by Francesca Beddie,
Francesca Beddie is an author at the National Centre for Vocational Education Research (NCVER)
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I congratulate the founders of the Australian Policy and History initiative. Encouraging better use – and avoiding abuse – of history is an important cause. It is one I advocated to my colleagues in a paper presented to the Professional Historians Association of NSW a couple of years ago. As I see it, we must assert the place of history in the making of public policy and in the evidence base upon which that policy should be founded.

History has two distinct capabilities to offer policymakers. The first is an antidote to short-term thinking and the loss of institutional memory. Here the ‘value add’ is the ability to see problems in a continuum rather than as a crisis, which started only today or yesterday. The historian’s instinct is to ask what the story is, what patterns are emerging, how things today are different or similar. Such analysis can suggest alternative ways of responding to a problem or asking the question differently.

Secondly, the discipline of history can cultivate strong analytical skills. By thinking about context and contingency, by appreciating the complexity and limitations of human endeavour, historians can help policymakers avoid dangers such as defining a problem in terms of the desired solution or ignoring issues that do not fit with a preferred course of action. They also can foster greater caution in the deployment of the historical analogy, so that politicians draw on history not merely to justify actions but also as a signpost of difference.

History, despite these strengths, currently plays little part in governmental processes and does not meet its potential as a contributor to wider policy debate. One explanation for this perhaps is the different rhythms of historical research and policy development. Another is a narrow interpretation of evidence consisting of statistics and modelling or randomised controlled trials and the like. In all the recent talk of evidence-based policy, there has been too little attention paid to the need for careful thinking about what data are needed and why.  An historical perspective would help clarify what evidence we need to preserve to help us look back and assess the impact of policy interventions.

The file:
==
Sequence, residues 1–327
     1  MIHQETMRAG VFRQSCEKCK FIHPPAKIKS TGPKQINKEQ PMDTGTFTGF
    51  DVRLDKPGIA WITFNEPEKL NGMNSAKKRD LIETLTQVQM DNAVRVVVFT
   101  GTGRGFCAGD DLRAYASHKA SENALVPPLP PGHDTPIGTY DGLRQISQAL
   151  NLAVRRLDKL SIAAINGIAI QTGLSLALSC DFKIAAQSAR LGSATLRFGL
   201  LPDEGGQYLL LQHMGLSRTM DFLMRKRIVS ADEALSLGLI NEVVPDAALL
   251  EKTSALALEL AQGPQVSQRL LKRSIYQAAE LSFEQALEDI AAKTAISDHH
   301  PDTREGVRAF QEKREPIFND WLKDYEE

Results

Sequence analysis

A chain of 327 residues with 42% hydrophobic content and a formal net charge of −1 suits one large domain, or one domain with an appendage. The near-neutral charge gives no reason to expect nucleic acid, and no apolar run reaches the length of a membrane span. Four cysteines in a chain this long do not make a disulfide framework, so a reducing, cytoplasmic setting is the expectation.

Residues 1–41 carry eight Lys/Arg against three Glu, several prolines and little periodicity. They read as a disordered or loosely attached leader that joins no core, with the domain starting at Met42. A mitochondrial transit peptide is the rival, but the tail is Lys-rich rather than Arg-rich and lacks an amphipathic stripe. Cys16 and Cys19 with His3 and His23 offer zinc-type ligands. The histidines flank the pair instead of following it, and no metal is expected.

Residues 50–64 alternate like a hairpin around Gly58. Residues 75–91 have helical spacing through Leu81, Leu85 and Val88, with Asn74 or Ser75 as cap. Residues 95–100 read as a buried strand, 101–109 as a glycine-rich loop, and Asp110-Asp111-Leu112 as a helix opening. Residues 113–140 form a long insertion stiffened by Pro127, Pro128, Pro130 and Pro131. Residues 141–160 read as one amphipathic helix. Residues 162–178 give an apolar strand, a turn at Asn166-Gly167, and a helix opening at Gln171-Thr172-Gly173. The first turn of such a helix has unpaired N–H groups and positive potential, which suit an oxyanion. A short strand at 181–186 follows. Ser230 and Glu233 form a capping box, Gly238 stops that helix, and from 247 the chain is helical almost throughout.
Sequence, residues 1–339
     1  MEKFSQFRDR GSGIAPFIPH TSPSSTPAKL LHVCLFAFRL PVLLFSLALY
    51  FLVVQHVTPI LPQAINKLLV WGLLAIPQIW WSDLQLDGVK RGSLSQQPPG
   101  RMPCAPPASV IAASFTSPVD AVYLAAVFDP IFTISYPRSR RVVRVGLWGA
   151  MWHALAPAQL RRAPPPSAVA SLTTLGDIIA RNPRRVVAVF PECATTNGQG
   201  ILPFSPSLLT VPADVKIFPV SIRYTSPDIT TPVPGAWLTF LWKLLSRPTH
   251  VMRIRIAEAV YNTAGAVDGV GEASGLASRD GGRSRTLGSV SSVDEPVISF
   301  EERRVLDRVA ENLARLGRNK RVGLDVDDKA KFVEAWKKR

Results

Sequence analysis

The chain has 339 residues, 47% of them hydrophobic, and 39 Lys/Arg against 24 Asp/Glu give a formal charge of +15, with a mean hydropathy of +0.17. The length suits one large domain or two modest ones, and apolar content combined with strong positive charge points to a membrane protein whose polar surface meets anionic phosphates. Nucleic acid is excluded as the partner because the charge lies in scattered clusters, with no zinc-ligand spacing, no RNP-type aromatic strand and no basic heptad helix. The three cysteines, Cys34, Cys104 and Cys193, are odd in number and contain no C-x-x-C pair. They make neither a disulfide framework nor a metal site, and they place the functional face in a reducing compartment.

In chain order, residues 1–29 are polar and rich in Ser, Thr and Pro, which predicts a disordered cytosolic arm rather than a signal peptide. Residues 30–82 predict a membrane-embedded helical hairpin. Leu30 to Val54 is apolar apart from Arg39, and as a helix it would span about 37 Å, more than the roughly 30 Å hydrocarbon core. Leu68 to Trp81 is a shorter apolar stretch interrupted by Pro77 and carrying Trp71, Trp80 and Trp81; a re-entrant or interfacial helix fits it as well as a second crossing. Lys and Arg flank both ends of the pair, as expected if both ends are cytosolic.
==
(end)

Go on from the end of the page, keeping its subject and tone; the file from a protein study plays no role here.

Instead, the public record is under threat. Documentary evidence is becoming ever more captive to the sanitising mindset of governments and the cleansing capacity of technology. The advent of the Post-it note and Freedom of Information legislation and electronic communication means the richness of the decision-making process is being lost. No longer are archives full of insightful or witty or scathing margin notes; the identities behind the written documents are being erased.

The difficulties of engaging with the crude, real-time world of the media is another possible reason why history is poorly represented in policy development. In her recent selection of essays Agamemnon’s Kiss, Inga Clendinnen remarked that you can’t do history on the opinion pages. I would argue that what historians can do on those pages is encourage consideration of alternative policy directions by presenting different interpretations of the past.

This calls for getting better at arguing the relevance of one’s work to contemporary preoccupations. It does not imply dumbing down the results of historical research. It does mean packaging those results in ways that will entice the audience.

Here historians have an advantage over econometricians and social scientists who often find it hard to tell a story about their research or to put a human face to their analysis. The historian’s disadvantage lies in the poor appreciation of the relevance of historical thinking to public policy. One way to enhance that understanding might be to present history not as a static reflection on the past but as a series of ‘interim reports’ on the results of human endeavour: reports that as well as helping us work out what happened in the past can make us smarter in how we deal with the present and the future. I look forward to reading many of those reports on the Australian Policy and History website.

Citation: Francesca Beddie, Repackaging History for Policy Purposes. Australian Policy and History. April 2010.


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